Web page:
February 21, 2020
1. Femicides and gender-based violence placed at the center of the national agenda
The murder of a 7-year-old girl in Mexico City has generated a wave of outrage across Mexico. In response, the Chamber of Deputies approved a reform to the Federal Criminal Code that condemns the crime of femicide with a sentence of up to 65 years in prison, five years longer than the current penalty. Feminist groups and organizations have intensified protests nationwide, viewing the federal government’s response as coming up short.
In Mexico, an average of 10 women are killed daily, adding to the total daily average that exceeds 90 homicides.
2. Former President Enrique Peña Nieto under investigation by Mexican Attorney General
According to The Wall Street Journal, former Mexican President Enrique Peña Nieto, is under investigation by the Attorney General’s Office for his possible involvement in prominent corruption scandals such as the Odebrecht case and the fraudulent purchase and sale of the Agronitrogenados fertilizer plant.
Investigations against former President Enrique Peña Nieto are part of the inquiries surrounding former Pemex director, Emilio Lozoya, who was apprehended in Spain last week and faces charges for operations with resources of illicit provenance, criminal association and bribery. Emilio Lozoya’s likely extradition and confession will be elements that, together with the investigations, will decide whether the former president will be tried, stated the source consulted by WSJ.
Animal Político: Fiscalía investiga a Peña Nieto por caso Lozoya, revela WSJ
3. Foreign Direct Investment grows 4.2%
Preliminary foreign direct investment (FDI) figures published by the Secretary of the Economy revealed that the country raised USD $32.921 billion in 2019, a 4.2% increase over 2018’s figure of USD $31.6 billion.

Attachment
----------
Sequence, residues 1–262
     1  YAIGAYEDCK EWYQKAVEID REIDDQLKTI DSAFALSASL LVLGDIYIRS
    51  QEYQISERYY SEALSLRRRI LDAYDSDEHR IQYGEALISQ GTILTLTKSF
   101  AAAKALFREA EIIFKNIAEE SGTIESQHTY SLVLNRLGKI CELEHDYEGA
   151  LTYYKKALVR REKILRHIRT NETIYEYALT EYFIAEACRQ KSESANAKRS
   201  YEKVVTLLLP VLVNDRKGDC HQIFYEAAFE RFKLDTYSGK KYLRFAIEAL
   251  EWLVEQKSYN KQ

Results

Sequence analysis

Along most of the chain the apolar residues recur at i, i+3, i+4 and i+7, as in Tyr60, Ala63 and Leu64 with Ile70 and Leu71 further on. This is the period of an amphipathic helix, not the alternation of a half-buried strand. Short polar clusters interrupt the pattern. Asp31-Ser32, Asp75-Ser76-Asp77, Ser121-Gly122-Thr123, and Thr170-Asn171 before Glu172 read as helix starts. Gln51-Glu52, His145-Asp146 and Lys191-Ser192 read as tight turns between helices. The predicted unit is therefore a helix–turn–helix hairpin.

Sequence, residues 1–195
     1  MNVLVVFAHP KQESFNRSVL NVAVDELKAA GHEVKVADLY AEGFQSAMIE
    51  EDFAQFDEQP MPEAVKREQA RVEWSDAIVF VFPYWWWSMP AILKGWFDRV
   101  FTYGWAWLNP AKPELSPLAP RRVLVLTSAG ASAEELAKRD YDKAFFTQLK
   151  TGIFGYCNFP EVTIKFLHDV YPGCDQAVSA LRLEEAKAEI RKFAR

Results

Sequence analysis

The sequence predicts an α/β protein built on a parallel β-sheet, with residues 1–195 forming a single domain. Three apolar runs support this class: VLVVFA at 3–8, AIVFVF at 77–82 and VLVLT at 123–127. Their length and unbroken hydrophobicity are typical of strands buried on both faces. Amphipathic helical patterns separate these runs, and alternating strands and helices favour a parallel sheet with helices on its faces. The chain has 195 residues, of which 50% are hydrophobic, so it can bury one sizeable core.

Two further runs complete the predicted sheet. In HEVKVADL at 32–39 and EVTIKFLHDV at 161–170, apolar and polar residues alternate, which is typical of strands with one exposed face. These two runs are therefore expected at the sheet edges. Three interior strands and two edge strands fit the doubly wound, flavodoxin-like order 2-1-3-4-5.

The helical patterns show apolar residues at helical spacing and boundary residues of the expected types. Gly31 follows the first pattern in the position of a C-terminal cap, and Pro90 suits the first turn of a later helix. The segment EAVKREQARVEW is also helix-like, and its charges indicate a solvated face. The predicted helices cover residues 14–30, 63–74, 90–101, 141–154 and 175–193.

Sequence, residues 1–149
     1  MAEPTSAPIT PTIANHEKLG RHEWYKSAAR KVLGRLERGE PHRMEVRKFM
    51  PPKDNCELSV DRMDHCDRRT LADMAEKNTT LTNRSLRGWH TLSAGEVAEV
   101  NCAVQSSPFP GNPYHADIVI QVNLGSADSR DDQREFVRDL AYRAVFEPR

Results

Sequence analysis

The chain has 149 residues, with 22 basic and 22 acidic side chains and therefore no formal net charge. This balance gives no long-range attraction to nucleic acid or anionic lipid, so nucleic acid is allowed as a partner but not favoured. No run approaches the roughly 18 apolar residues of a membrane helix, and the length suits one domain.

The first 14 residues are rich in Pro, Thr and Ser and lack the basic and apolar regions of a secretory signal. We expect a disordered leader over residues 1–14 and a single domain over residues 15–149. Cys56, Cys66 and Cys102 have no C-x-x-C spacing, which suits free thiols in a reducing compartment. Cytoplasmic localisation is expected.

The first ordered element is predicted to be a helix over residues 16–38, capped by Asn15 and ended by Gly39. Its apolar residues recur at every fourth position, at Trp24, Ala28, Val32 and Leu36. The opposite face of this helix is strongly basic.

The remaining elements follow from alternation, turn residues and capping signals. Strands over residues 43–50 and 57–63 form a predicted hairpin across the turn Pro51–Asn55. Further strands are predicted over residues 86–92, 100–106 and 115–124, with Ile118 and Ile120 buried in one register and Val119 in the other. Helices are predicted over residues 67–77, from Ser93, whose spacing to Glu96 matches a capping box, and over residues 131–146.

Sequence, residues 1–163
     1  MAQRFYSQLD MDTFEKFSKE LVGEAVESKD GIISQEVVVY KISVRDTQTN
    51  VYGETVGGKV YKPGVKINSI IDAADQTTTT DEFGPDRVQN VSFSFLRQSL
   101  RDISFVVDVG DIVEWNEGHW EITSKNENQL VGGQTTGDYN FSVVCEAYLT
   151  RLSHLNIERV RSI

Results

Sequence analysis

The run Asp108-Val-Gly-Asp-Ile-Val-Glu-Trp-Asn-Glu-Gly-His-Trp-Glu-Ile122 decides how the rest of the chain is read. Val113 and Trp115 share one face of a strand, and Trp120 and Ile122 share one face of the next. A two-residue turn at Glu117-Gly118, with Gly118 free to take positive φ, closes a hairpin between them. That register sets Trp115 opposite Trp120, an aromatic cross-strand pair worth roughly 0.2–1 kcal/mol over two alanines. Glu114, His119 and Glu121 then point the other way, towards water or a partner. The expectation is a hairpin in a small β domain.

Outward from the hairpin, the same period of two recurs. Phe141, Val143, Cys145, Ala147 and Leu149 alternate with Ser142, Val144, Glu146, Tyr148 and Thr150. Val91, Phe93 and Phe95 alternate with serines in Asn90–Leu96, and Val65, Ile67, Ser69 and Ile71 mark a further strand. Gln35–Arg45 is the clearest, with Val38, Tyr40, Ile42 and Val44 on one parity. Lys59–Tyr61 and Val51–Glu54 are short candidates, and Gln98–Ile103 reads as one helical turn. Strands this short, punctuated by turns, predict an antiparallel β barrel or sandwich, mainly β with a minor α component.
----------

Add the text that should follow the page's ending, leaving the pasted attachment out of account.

Despite the uncertainty generated by the renegotiation of the Mexico-U.S.-Canada Treaty (USMCA) and the global economic slowdown, FDI registered its third consecutive year of growth and the second highest figure since 2009.
4. International executives express desire to continue investing in Mexico
Mexican President Andrés Manuel López Obrador reported that he held a dinner with Susan Segal, president of Americas Society Council of the Americas, and various executives of companies such as Walmart, Chevron, Cisco, Amazon, Scotiabank, HSBC, Citi, among other prominent multinationals.
President López Obrador reported that during the dinner they exchanged views on the country’s economic and financial situation and seemed optimistic and committed to maintaining investments under the new USMCA trade agreement. The dinner also counted with the attendance of the Secretary of Finance and Public Credit, Arturo Herrera, the Secretary of Economy, Graciela Márquez, and the head of the Office of the Presidency of the Republic, Alfonso Romo.
5. Mexico among the five easiest Latin American countries to evade taxes
According to the financial opacity index, developed by the Tax Justice Network and the Independent Commission for the Reform of International Corporate Tax, Mexico ranks fifth in Latin America regarding the ease of tax evasion under the umbrella of banking secrecy, beaten only by Panama, Venezuela, Guatemala and Brazil.
Although the report signals regional leaders regarding the use of tax data to combat corruption and money laundering, much remains to be done to improve tax collection. Alex Cobham, Executive Director of the Tax Justice Network, recommended regulating banking secrecy globally, thereby promoting fiscal transparency